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Tax Accounting For Inflation And Devaluation: The Case Of Indonesia

Listed author(s):
  • Glenn Jenkins


    (Queen's University, Kingston, On, Canada)

The adjustment required to correct “generally accepted accounting principles” for the impact of inflation or devaluation, has been the subject of a protracted debate in accounting and taxation literature. As an outcome of that discussion, it is now generally recognized that inflation affects the estimation of income and taxes using conventional accounting procedures in at least five different ways. First, depreciation expenses or capital cost allowances become underestimated because they are usually calculated as a fraction of the historical cost of fixed assets, not their current inflated values. Second, the cost of goods sold tend to be underestimated, and income over-estimated, if goods used from inventories are valued on a first in first out basis rather than at their current (adjusted for inflation) costs. Third, nominal interest rates tend to rise due to the compensation required by lenders for the decrease in the real value of the principal outstanding due to inflation. This tends to create a significant immediate increase in the cash outflow of the business relative to the increase in cash inflow due to inflation.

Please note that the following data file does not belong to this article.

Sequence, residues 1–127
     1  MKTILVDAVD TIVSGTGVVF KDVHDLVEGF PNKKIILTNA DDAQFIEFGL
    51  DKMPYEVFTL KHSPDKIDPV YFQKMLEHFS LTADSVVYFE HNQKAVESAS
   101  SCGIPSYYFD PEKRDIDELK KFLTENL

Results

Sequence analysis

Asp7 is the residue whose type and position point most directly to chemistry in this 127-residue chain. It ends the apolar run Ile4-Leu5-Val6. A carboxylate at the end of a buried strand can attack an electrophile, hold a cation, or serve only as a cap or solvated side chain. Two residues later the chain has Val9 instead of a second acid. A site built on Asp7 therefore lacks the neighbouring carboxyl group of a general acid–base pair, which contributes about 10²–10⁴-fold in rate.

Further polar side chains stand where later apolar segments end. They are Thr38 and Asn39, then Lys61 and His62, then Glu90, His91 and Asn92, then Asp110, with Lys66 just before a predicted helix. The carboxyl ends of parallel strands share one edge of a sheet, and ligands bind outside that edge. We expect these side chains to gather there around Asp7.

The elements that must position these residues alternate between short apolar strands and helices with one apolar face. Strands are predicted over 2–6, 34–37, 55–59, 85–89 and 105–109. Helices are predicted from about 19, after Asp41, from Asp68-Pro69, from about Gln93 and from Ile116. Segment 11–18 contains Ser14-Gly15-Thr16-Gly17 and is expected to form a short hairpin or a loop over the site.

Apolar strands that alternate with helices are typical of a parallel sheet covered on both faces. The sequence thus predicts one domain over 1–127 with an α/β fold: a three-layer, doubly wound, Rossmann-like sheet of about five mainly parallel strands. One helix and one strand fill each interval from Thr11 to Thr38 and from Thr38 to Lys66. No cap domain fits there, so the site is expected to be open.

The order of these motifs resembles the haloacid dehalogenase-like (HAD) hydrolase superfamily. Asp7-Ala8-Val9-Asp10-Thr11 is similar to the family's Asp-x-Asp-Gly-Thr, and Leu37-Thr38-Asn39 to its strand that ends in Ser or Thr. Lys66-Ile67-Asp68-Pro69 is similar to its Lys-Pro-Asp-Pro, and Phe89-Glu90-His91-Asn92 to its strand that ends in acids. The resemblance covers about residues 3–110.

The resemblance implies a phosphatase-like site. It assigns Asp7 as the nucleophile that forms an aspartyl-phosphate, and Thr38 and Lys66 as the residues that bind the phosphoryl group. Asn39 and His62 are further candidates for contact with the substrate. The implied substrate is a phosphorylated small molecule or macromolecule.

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Paper provided by JDI Executive Programs in its series Development Discussion Papers with number 1981-09.

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Length: 18 pages
Date of creation: Jan 1981
Handle: RePEc:qed:dpaper:56
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